31. Morris, Mike (January 16, 2014). "Mayor Parker marries longtime partner". Houston Chronicle. Houston, Texas: Hearst Newspapers, LLC. Retrieved January 17, 2014.
  32. Turner, Allan (December 27, 2013). "Source: Parker, partner plan January wedding". Houston Chronicle. Houston, Texas: Hearst Corporation. Retrieved December 28, 2013. Mayor Annise Parker and her partner of 23 years, Houston tax preparer Kathy Hubbard, are planning to marry, a source close to the couple said Friday.
  33. Melanie Lawson (March 29, 2015). "Houston Mayor Annise Parker Talks About Marriage, Children". Retrieved March 3, 2017.
  35. Snyder, Mike. "East Montrose retains flavor after gentrification" (Archive). Houston Chronicle. Sunday May 12, 2002. Retrieved on November 12, 2015. "The design of many of the new townhomes discourages interaction with neighbors, said City Councilwoman Annise Parker, who has lived in East Montrose for more than 11 years."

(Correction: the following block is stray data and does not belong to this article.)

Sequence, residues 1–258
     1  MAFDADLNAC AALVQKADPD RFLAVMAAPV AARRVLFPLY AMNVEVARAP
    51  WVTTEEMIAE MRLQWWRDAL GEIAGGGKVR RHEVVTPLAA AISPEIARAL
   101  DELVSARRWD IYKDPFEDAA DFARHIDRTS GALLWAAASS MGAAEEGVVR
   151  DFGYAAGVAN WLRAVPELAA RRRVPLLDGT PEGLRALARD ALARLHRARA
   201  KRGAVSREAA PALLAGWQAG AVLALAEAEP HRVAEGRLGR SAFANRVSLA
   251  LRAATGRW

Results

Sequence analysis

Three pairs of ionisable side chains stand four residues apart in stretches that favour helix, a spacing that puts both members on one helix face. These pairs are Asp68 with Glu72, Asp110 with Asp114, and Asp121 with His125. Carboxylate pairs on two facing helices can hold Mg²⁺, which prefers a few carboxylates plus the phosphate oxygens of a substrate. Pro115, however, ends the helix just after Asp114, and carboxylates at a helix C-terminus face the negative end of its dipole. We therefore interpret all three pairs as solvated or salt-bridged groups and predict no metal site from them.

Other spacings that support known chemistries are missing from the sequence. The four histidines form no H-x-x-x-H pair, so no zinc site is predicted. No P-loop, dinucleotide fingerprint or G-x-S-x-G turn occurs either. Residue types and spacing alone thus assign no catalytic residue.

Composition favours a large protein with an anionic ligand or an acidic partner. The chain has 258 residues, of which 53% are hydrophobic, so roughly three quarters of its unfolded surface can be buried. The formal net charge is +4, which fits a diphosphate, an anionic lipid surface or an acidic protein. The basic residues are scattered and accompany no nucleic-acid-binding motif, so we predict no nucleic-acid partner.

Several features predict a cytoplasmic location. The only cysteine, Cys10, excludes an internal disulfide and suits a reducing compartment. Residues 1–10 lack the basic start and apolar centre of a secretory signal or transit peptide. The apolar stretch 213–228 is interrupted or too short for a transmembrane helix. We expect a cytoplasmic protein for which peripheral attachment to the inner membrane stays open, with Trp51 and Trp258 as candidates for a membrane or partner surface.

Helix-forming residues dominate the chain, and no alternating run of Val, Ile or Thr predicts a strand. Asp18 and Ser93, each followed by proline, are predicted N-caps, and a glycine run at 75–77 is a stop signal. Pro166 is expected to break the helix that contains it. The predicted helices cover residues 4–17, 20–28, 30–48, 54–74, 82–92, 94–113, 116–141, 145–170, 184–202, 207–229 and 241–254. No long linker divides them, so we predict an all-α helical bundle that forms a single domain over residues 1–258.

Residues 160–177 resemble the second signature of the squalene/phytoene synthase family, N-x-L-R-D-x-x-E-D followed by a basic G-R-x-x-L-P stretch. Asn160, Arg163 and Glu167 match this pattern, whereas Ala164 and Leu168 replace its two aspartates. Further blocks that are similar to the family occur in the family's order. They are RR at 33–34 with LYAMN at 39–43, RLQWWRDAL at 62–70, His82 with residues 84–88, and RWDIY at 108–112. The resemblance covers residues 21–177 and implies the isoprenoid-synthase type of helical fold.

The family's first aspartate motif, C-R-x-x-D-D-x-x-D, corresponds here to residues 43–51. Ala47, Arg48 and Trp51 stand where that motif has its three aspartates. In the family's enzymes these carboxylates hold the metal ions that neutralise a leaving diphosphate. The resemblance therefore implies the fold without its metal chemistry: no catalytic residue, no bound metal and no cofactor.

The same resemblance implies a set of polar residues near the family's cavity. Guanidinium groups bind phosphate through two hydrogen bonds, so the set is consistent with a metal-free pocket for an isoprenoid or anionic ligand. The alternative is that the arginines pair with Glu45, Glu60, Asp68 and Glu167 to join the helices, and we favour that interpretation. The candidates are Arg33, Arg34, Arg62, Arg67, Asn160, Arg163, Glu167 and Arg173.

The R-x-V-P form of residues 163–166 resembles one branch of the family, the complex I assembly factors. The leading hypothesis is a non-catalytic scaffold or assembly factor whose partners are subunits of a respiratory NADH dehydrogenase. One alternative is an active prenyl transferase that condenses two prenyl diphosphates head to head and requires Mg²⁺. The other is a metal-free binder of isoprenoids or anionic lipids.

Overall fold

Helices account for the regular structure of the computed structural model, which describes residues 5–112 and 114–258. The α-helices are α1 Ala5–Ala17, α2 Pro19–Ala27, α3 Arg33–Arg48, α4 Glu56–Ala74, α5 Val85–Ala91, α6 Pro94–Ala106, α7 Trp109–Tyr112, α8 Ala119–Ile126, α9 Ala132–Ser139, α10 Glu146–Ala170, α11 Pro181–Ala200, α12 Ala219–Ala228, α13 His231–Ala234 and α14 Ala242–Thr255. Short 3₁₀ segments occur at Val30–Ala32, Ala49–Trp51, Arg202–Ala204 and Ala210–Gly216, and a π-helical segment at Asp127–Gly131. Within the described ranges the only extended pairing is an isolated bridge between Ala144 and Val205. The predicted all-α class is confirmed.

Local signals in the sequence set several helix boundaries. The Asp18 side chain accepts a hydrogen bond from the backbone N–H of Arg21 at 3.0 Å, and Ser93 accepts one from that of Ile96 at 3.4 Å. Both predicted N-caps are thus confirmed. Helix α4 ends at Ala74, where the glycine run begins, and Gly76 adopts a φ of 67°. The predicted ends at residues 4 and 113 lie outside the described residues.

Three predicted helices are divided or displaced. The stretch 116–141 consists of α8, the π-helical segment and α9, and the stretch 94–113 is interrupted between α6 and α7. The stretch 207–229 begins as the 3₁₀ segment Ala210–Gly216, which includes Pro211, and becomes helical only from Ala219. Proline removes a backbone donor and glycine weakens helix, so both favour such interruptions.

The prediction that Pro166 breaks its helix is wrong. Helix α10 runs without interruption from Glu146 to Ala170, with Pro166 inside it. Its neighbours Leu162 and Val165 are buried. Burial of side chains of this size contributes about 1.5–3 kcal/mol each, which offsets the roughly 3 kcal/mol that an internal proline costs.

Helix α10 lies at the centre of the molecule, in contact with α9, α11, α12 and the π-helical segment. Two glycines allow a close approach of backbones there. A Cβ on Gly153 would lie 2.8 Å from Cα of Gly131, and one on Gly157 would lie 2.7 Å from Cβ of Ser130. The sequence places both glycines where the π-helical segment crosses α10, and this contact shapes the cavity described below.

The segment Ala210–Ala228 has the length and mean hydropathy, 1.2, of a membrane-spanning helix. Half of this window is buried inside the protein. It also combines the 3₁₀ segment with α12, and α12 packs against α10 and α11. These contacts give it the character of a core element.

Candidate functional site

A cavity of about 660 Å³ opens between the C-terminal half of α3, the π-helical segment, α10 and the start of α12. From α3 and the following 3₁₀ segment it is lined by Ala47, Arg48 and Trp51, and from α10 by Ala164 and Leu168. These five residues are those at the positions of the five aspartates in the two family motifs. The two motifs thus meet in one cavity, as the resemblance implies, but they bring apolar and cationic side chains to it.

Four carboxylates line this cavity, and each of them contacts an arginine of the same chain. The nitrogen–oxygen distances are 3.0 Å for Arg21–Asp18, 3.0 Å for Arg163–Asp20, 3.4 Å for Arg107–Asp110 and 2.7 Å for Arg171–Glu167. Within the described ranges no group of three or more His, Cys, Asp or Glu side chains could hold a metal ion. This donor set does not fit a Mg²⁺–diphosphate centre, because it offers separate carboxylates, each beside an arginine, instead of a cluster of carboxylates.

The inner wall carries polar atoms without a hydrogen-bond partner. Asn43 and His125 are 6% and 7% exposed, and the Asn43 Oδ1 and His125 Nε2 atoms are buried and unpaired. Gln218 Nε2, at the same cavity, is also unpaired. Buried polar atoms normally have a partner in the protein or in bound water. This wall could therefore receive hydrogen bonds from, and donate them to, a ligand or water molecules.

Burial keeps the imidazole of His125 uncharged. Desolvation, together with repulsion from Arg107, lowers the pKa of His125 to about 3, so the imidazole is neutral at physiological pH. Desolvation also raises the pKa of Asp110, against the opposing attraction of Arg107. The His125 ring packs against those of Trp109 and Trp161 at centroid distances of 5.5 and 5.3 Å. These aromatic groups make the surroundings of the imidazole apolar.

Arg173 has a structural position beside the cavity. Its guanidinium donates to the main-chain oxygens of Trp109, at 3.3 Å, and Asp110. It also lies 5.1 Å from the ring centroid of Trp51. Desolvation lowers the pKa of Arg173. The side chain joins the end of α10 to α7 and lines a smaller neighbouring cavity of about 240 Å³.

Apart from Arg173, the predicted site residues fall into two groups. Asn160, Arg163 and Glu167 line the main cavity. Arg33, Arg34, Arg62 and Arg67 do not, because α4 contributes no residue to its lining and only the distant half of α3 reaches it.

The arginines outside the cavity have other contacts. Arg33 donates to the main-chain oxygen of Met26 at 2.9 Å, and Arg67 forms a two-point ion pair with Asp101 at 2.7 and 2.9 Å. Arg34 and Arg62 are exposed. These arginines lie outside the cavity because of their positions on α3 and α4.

36. "City of Houston General Election - November 4, 2003" (PDF). Election Information and Results - Office of the City Secretary. The City of Houston. p. 3. Retrieved January 30, 2013.
  37. "City of Houston Runoff Election - December 6, 2003" (PDF). Election Information and Results - Office of the City Secretary. The City of Houston. p. 1. Retrieved January 30, 2013.
  38. "City of Houston Runoff Election - November 3, 2009" (PDF). Election Information and Results, Office of the City Secretary. The City of Houston. Retrieved January 30, 2013.
  39. "City of Houston Runoff Election - December 12, 2009" (PDF). Election Information and Results, Office of the City Secretary. The City of Houston. Retrieved January 30, 2013.
  40. "Archived copy". Archived from the original on November 14, 2013. Retrieved November 6, 2013.CS1 maint: archived copy as title (link)
Political offices
Preceded by
Bill White
Mayor of Houston
Succeeded by
Sylvester Turner